d. Mean and variability of 20 yr of CCM simulations per layer

The 20-yr mean values of the preindustrial coupled model simulations for the surface, intermediate, and deep layer are graphically presented in Figs. 5 –8 for all discussed hydrographic properties. The result for the Labrador and Irminger Seas are discussed per layer.

1) The surface layer

All four figures reveal similar model errors for the Labrador Sea and the Irminger Sea, typical for basins connected by advection pathways (Yashayaev et al. 2007). Thus, simulations with too low (or high) values for the mean hydrographic parameters in the Labrador Sea generally have also too low (or high) values in the Irminger Sea. Two models, GFDL CM2.0 and IPSL CM4, have extremely low salinities and potential temperatures in the surface layer, between 0.7 and 1.7 psu below the mean observed salinities, and between 2.3° and 3.8°C below the observed temperatures. These model biases are orders of magnitude larger than the observed range of variability (Table 2). The salinity and temperature biases do not compensate in density. The simulated surface density is generally much lower than observed, especially in the Labrador Sea. Overall the surface density is too low for all but one CCM simulation, related to the lower-than-observed surface salinities. The low surface density causes a higher simulated stability or density gradient over the surface layer in the Labrador Sea, expressed by the Brunt–Väisälä frequency squared or N2. In the Irminger Sea, the stability of the surface layer in the model simulations is close to the observations.

2) The intermediate layer

The intermediate layer from 750 to 1250 dbar is representative for the LSW in the Labrador and Irminger Seas. In most model simulations this layer is much too warm and saline, with biases up to 2.8°C and 0.5 psu in the Labrador Sea and 4.0°C and 0.7 psu in the Irminger Sea. This suggests that in most models the formation of LSW in winter is not well represented. Both the salinity and temperature difference between the surface and intermediate layer and between intermediate properties in the Labrador and Irminger Seas is much larger than observed. The very high intermediate temperatures in the Model for Interdisciplinary Research on Climate 3.2, medium-resolution version [MIROC3.2(medres)] model and the Met Office (UKMO) Third Hadley Centre Coupled Ocean–Atmosphere GCM (HadCM3) models suggest that in these models the intermediate layers have the properties of SPMW, rather than LSW. Two models from the same institutes, but with higher resolution—MIROC3.2(hires) and UKMO Hadley Centre Global Environmental Model version 1 (HadGEM1)—perform better. In general, the model errors in temperature and salinity of the intermediate layer seem to compensate in density, leading to a mixed behavior of the intermediate density, resulting in 65% of the models with a too high and 35% with a too low intermediate density. Similar to the surface layer, the stability of the intermediate part of the water column is systematically too high, an indication of low convective activity, with larger errors in the Labrador Sea than in the Irminger Sea.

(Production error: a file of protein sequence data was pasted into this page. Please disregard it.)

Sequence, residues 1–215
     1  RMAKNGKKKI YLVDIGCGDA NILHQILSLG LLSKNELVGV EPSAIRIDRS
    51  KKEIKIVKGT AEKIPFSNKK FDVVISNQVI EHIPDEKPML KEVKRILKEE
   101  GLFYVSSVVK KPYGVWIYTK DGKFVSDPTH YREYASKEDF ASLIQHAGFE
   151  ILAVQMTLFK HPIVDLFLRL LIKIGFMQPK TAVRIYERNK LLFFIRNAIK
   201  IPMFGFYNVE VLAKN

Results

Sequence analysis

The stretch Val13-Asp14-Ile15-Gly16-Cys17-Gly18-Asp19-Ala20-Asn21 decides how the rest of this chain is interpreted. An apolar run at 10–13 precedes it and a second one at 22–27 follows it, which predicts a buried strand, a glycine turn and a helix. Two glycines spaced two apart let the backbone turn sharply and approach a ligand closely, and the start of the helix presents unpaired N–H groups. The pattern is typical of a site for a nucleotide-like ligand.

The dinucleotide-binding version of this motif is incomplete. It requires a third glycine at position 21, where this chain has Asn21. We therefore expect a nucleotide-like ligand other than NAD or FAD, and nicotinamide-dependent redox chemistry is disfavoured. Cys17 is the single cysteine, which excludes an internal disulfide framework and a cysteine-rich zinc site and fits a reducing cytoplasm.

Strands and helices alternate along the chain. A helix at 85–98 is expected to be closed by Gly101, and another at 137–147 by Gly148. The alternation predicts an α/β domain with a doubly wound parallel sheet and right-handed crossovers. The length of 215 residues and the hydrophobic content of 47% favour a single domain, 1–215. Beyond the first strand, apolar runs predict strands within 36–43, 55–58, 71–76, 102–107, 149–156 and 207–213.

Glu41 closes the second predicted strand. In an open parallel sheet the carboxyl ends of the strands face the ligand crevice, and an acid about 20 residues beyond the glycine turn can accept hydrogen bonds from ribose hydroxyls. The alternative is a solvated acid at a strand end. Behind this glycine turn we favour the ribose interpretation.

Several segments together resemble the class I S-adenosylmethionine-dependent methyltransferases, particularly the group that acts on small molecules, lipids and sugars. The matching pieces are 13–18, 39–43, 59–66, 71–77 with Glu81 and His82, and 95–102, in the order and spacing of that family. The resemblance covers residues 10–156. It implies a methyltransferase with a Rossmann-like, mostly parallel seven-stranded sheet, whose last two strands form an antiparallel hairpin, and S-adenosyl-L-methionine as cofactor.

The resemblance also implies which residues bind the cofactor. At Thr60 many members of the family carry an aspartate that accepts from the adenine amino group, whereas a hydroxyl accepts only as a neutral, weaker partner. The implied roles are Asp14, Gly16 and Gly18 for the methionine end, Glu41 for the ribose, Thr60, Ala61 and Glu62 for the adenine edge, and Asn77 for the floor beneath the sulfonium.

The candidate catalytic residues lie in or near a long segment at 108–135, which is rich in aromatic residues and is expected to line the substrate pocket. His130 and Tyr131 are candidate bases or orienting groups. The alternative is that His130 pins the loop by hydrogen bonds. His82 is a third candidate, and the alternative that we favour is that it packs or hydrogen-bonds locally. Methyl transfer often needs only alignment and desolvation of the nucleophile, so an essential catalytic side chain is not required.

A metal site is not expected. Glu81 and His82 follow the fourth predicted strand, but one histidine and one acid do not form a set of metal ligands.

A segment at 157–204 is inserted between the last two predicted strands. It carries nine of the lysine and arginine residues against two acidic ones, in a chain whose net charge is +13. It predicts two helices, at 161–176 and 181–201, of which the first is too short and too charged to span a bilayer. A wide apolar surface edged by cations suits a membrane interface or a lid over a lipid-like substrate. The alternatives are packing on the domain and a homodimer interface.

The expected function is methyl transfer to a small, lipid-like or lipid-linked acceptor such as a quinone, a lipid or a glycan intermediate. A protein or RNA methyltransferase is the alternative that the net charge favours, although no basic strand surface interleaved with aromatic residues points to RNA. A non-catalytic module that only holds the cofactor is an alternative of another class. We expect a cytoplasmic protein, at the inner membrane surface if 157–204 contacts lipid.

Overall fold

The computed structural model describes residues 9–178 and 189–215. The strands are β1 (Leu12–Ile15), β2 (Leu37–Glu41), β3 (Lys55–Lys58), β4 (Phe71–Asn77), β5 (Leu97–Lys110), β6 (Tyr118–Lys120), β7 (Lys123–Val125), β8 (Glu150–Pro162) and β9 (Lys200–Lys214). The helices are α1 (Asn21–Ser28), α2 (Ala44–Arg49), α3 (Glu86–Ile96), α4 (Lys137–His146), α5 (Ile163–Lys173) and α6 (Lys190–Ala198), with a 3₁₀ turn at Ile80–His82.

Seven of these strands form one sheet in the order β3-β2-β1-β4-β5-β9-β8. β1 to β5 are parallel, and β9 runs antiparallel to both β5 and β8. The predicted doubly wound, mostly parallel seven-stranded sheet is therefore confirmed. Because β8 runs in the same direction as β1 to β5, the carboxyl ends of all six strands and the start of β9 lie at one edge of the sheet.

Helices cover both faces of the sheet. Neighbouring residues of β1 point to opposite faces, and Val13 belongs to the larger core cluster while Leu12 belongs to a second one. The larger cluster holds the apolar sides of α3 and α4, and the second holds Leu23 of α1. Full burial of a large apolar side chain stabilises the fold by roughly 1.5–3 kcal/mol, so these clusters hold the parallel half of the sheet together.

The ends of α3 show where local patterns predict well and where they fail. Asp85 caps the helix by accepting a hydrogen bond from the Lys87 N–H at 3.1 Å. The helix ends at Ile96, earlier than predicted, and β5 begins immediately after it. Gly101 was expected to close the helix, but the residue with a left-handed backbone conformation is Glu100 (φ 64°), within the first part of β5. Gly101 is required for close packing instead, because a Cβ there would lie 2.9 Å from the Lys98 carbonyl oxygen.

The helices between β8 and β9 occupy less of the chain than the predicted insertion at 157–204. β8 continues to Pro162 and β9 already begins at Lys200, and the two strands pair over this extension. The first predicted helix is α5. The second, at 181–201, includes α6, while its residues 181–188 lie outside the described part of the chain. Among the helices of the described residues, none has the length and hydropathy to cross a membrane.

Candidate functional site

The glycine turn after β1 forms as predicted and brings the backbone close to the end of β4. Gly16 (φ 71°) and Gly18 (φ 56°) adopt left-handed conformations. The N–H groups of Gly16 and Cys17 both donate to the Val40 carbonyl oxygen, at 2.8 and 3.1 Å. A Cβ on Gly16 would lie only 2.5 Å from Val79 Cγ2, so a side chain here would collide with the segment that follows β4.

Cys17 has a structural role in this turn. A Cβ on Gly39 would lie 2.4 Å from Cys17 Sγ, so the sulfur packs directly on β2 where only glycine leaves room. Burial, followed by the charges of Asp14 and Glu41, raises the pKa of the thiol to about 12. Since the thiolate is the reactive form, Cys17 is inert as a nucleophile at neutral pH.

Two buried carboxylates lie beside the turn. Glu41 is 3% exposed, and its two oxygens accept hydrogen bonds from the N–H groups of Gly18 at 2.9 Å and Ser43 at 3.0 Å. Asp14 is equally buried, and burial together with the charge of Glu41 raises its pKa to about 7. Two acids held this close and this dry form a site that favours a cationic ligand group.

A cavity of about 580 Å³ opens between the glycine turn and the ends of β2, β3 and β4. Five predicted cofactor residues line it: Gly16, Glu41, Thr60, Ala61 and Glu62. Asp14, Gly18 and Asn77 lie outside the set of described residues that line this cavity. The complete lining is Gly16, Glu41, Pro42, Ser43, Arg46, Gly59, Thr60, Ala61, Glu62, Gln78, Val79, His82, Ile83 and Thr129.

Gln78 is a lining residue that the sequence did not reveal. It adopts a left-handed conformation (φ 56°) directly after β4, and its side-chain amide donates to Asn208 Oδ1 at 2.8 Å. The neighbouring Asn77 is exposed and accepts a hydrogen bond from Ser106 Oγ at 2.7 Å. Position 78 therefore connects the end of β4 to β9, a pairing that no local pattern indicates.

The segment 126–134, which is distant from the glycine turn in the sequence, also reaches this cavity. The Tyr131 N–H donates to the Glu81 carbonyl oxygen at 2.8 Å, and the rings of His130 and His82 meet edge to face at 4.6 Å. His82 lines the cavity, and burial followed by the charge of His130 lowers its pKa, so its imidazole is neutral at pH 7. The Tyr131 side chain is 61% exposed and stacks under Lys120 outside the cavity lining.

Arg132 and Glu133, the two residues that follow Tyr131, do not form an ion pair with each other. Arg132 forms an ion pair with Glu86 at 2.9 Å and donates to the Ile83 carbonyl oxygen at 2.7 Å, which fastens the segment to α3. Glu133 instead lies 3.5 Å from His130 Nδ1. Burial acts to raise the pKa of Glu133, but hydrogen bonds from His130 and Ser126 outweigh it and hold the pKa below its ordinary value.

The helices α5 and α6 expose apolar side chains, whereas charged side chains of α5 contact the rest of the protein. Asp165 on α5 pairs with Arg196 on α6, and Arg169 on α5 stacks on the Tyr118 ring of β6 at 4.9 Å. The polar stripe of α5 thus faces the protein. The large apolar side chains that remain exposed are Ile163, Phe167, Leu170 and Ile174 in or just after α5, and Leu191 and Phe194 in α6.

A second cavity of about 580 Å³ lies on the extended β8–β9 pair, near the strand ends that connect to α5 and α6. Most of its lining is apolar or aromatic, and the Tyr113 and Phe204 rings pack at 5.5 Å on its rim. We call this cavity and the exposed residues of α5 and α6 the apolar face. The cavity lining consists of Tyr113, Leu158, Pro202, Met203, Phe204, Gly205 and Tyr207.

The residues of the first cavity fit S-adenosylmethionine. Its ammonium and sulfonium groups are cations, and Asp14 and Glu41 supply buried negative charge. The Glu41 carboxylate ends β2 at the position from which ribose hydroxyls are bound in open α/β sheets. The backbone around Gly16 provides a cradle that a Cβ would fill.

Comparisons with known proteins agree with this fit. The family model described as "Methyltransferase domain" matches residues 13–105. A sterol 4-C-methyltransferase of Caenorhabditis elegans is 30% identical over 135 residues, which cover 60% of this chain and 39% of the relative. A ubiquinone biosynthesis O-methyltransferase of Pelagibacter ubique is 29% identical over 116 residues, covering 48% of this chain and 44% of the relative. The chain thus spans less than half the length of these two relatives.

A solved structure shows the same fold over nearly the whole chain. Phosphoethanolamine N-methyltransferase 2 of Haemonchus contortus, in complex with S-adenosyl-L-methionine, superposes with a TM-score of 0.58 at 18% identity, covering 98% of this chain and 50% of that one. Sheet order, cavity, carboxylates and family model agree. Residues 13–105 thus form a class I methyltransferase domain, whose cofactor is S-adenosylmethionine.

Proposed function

3) The deep layer

The model results from the deep NEADW layer between 2000 and 2500 dbar show mixed results. While a few CCM simulations show realistic NEADW temperatures, most CCMs generate relatively high deep temperatures, up to 2.7°C too high. Apart from the MIROC3.2(hires), the CCMs have a higher-than-observed salinity in the NEADW layer. Also for this layer, temperature and salinity errors compensate in density for several models, but not for all. Especially the CNRM-CM3 and UKMO HadCM3 models have considerably higher NEADW densities, both in the Labrador Sea and in the Irminger Sea. The relative error in N2 in the NEADW layer is small compared with the shallower layers.

The quantitative results of the analysis are compiled in Table 3, which contains the “error score” per variable summed over the three layers. In the Irminger Sea the largest contribution (50%–60% averaged over all models) to the error score is by the intermediate layer. This layer represents the core of the water formed in the Labrador Sea. The surface layer contributes 10%–20% and the deep layer 20%–30%. In the Labrador Sea the contribution of the layers to the final error score is not the same for all variables. Nearly 70% of the error score of N2 is contained in the surface layer, because of the high simulated stability. The other 30% is distributed over the intermediate (20%) and deep layer (10%). Temperature skills scores are distributed equally over the three layers. Salinity and potential density have their largest error scores in respectively the intermediate (40%) and deep layer (45%).